Vincennes 10th. Octr. 1807.
I have the Honor to enclose herewith Some Resolutions adopted by the French Inhabitants of this place on the 18th Ultimo but which were not put into my Hands until a few days ago.
In the preamble to the Resolutions there are some Circumstances Mentioned which require explanation. thinking that a public declaration of attachment to the Government at this crisis would be acceptable to you & honorable to themselves, I assembled the French Citizens Some time Since and after informing them of the late Outrage Committed on our flag by a British Vessel & the probability that it might lead to war with that nation I recommended to them to take the Subject into Consideration & adopt Some mode of expressing their Sentiments. The Communication was received by them with Apparent pleasure and they promised to follow my advice. In the Course of my address I informed them also of the attempts which were making by British emissaries to prejudice the Indians against the United States & urged them to endeavour to detect & communicate to me the names of any characters of that description which might Come to their knowledge. I expressed also an Apprehension that attempts might be made to weaken their attachment to the American Government & warned them to be on their guard against any insidious observations having that tendency—The latter remark was made in Consequence of one of the oldest & most respectable of their number having declared that he would freely take up Arms against the Indians but he could not think of fighting Against the King of G. Britain to whom he had once taken an Oath of Allegiance.—A Scotch Man of the name of McIntosh who is as inveterate a tory as any of his nation and who has Considerable influence over them from the necessity they are under of employing him to transact their business procured himself to be appointed Secretary to their Meeting and Supposing that he had been alluded to as a British Emissary prevailed upon them to step forward in his Vindication to effect this more easily & to induce them to make a Common Cause with him they were prevailed upon to think that I had in my address expressed Some doubts of their patriotism An Assertion equally false & mischevious.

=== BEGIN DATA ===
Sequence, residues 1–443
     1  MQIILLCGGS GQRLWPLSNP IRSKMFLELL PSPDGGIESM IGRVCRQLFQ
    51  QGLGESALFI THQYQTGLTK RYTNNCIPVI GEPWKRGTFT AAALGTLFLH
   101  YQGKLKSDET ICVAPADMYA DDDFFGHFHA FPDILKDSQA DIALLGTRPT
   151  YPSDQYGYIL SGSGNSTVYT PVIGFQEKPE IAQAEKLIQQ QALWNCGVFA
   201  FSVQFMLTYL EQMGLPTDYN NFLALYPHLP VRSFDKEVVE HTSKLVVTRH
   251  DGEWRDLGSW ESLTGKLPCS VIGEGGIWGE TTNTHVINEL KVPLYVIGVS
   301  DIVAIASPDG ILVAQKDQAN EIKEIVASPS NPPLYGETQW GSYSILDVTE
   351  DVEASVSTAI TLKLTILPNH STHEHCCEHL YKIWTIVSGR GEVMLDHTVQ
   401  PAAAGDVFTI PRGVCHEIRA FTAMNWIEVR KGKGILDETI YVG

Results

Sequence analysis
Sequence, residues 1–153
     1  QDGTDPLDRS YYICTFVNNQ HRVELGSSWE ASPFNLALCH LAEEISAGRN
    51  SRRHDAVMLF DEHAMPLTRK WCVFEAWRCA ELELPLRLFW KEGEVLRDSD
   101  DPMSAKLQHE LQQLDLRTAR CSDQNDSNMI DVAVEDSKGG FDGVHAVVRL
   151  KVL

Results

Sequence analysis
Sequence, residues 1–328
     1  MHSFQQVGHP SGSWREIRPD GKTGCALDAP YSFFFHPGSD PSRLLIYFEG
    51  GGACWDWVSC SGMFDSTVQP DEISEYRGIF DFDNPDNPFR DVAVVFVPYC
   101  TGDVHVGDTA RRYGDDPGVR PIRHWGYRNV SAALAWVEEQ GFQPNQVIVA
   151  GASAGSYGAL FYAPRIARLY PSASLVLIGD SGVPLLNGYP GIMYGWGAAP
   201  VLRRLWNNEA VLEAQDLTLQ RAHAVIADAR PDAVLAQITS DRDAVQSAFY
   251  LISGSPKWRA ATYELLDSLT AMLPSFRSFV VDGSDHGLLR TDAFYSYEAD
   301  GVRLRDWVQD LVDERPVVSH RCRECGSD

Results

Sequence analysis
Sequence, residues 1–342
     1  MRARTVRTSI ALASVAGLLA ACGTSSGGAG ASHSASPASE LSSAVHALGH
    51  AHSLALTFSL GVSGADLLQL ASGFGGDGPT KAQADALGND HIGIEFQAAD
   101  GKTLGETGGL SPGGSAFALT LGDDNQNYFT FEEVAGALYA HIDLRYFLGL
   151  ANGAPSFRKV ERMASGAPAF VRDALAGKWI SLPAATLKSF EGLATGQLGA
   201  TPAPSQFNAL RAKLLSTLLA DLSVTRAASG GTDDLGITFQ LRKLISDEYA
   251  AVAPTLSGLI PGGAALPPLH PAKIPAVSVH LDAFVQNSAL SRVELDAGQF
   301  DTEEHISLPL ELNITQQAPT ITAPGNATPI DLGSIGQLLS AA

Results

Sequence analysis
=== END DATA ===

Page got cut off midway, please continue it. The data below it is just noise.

I have the Honor to enclose also the Resignation of Pierre Menard one of the Legislative Council which was sent to me only a few days ago from Kaskaskia altho it had Some time since been announced by him to the House of Representatives & Nominations made to fill his vacancy—
The persons nominated Messrs. Fisher & Finnie are both respectable men & good Republicans. Mr. Fisher is however the choice of the House of Representatives & I believe of his County.
I am Dr. Sir with the greatest Respect & Consideration your Hum Sevt.
Willm H. Harrison
DLC: Papers of Thomas Jefferson.